I’m still cleaning out the dust from my shoot in the desert near Las Vegas. I was shooting with strobes in 30+ mph winds, and using an octabank. I shoot in a lot of windy places, and have developed a few tricks that help dealing with the wind. Give these a try on your next windy shoot.
1. Work with a model who can take the punishment! The wind in vegas was strong enough to blow someone over. Most models wouldn’t get out of the car. But Priscilla was tough, she had no problem belly dancing with a python in a dust storm. Honestly, I was thinking of calling it quits, and I’m the crusty mountaineer from Alaska.
2. Use two stands for one light. After adding 40 pounds of sand to my 39 inch deep octabank, it still was blowing over and the light was twisting in the wind. To solve this problem, I added another stand with the bar pressing tight against the light. This kept the light from twisting.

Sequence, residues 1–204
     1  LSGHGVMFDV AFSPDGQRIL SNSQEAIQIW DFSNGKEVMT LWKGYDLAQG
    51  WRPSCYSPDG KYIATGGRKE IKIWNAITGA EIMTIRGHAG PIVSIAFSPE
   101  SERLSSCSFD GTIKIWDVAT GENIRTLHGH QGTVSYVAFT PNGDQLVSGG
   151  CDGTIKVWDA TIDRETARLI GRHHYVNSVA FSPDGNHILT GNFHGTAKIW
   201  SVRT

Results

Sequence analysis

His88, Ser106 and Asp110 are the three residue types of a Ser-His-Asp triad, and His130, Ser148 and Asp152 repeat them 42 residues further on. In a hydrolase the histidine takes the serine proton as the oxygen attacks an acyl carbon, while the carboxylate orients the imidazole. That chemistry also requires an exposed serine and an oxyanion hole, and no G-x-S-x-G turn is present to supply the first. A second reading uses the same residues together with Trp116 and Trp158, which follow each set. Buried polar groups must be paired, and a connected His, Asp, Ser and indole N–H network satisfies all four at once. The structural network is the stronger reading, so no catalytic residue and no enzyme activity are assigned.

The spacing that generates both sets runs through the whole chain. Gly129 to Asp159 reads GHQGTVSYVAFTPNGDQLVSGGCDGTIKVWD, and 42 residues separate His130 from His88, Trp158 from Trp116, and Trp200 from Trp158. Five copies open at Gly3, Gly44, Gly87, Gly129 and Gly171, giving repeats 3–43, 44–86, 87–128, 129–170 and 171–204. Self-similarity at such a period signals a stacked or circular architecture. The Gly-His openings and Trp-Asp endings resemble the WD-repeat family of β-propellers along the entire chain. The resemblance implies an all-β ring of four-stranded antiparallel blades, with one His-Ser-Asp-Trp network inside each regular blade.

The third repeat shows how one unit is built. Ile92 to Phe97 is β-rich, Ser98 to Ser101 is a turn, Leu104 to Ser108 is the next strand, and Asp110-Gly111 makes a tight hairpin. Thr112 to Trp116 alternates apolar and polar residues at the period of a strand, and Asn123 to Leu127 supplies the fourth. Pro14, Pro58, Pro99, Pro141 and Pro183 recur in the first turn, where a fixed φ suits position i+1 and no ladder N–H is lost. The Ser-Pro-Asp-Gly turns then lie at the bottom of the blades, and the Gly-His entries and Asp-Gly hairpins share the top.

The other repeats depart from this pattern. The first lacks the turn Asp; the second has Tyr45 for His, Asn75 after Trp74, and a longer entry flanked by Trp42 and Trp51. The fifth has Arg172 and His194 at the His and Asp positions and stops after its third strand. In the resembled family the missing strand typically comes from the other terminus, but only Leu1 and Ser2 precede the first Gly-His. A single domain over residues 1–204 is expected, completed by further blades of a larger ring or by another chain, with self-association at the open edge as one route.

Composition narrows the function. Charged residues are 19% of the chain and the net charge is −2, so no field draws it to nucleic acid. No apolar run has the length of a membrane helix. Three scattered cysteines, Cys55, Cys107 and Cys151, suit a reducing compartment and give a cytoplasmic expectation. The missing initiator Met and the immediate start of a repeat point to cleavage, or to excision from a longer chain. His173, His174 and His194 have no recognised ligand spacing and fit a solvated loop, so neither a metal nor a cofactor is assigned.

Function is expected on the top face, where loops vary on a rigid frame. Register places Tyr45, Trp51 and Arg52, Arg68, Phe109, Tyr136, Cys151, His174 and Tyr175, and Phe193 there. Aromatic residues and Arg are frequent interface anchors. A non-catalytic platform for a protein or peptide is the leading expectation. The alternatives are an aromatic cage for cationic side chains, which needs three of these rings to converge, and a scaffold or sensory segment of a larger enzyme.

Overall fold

3. Use your packs as sandbags. I often use my Rangers as weights on my light stands, just hook them off a knob on the stand. Or twist the strap around the stand. Without Rangers weighting the other stand down it would have blown over.
4. Use the wind to your advantage. If the wind is really strong, it will determine your shooting angle, don’t fight it. Priscilla had long veils that were blowing in the wind, so I had to shoot from an angle that the veils would stretch across the frame. This shot wouldn’t work straight into the wind.
5. Use cars as a wind break. If you have two vehicles, park them at 90 degree angles and create a calm shooting space in the lee of the cars. This works pretty well at reducing the wind.
In the end you have to work with the conditions you are given. The last thing to do on a windy day is call it quits. Who knows what unexpected angle will happen. Good images are made in the field, not in the coffee shop wishing the wind would stop. Go out and shoot, you may find the wind isn’t all that bad.